After a nearly two-hour special online meeting of the Osseo School Board last Friday night, the time finally came for a vote on whether to move to a Distance Learning model due to rapidly increasing positive coronavirus cases. During the roll call vote, each of the six-member boarded voted in favor of the measure – each sporting a defeated look on their face.
“This weighs heavy on our hearts,” said Jackie Mosqueda-Jones, who recently was voted onto another four-year term on the Board. “We have heard a lot about models for the last six months. We have a lot of students and staff who are very sick. I’m not okay with allowing people to keep getting sick because we want to hit a certain threshold. I want to say thank you (to the administration) for listening to all the public health experts and tell the community to be extra-super careful in the next week.”
The 6-0 vote means that all the schools in the district will move to full-time Distance Learning on Monday, Nov. 23, with the last day of in-class learning – for now – set for Thursday, Nov. 19. The district had been operating in distance learning for secondary students, with elementary students attending school twice a week in a hybrid model.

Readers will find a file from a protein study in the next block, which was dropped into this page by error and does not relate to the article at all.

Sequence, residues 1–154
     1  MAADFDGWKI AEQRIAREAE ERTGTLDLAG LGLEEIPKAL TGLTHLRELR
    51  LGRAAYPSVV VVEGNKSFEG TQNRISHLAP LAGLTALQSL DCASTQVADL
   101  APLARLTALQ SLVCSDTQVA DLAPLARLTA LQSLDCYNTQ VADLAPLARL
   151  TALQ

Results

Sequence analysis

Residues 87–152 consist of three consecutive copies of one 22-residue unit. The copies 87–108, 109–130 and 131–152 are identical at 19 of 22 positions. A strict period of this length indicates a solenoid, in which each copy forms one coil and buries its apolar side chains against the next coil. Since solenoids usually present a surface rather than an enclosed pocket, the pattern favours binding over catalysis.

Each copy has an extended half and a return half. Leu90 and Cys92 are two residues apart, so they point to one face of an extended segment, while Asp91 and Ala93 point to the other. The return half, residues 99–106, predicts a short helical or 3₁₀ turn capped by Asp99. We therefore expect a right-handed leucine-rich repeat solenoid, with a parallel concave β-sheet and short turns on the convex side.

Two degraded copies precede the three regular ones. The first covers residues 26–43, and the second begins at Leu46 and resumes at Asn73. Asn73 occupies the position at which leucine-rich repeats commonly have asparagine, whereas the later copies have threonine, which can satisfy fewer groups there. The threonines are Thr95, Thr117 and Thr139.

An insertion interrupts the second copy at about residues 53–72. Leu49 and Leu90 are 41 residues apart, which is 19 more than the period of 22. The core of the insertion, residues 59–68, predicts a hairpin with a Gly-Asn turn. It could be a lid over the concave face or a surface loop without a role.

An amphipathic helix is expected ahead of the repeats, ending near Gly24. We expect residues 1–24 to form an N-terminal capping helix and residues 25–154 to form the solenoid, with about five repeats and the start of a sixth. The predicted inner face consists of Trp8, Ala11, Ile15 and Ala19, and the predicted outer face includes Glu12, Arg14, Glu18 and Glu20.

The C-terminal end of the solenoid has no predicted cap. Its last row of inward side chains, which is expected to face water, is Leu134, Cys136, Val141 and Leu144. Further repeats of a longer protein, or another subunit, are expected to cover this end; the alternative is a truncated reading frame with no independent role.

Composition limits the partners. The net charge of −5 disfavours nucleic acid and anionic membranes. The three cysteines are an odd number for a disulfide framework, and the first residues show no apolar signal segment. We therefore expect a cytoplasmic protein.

“All people in this district want to be back in school,” Superintendent Cory McIntyre said. “It’s where our children and our staff thrive. But right now, health matters are winning out. We are not canceling school. We are just going to distance learning.”
The decision was made not only because of the virus, but also because of district-wide staffing issues. McIntyre reported that out of 330 substitutes available to the district, only 105 have worked since school started. Substitute fill rate is normally about 85%, but it’s currently at 50%.
Sixty-three teachers and 43 Education Support Professionals have been absent, seven district sites have experienced 10% or higher absentee rate, including one at 30%.
“As we entered this week, we were optimistic the substitute shortage would decline, but unfortunately, it’s actually increased,” District Human Resource Director Laurel Anderson said.
“The fact that we’ve had so many staff absent and that’s it’s a 10-day quarantine if you contract the virus, that puts a lot of stress on our buildings,” McIntyre said. “We’re approaching the tipping point where many of our buildings simply can’t operate. We’re also seeing a significant jump in positive cases rather than a steady increase, and those predictions are predicted to continue to rise.”
Though districts do have the ability to “pick and choose” what buildings could be shut down based on number of cases, the positivity rates laid down by the state’s Safe Learning Plan puts Osseo well into the category of Distance Learning.
As of Nov. 2, the most recent data from Hennepin County shows a positivity rate of 57.6 per 10,000 residents, which is significantly higher than the 37.9 released on Oct. 26. The state recommends districts over the 50 mark go to Distance Learning.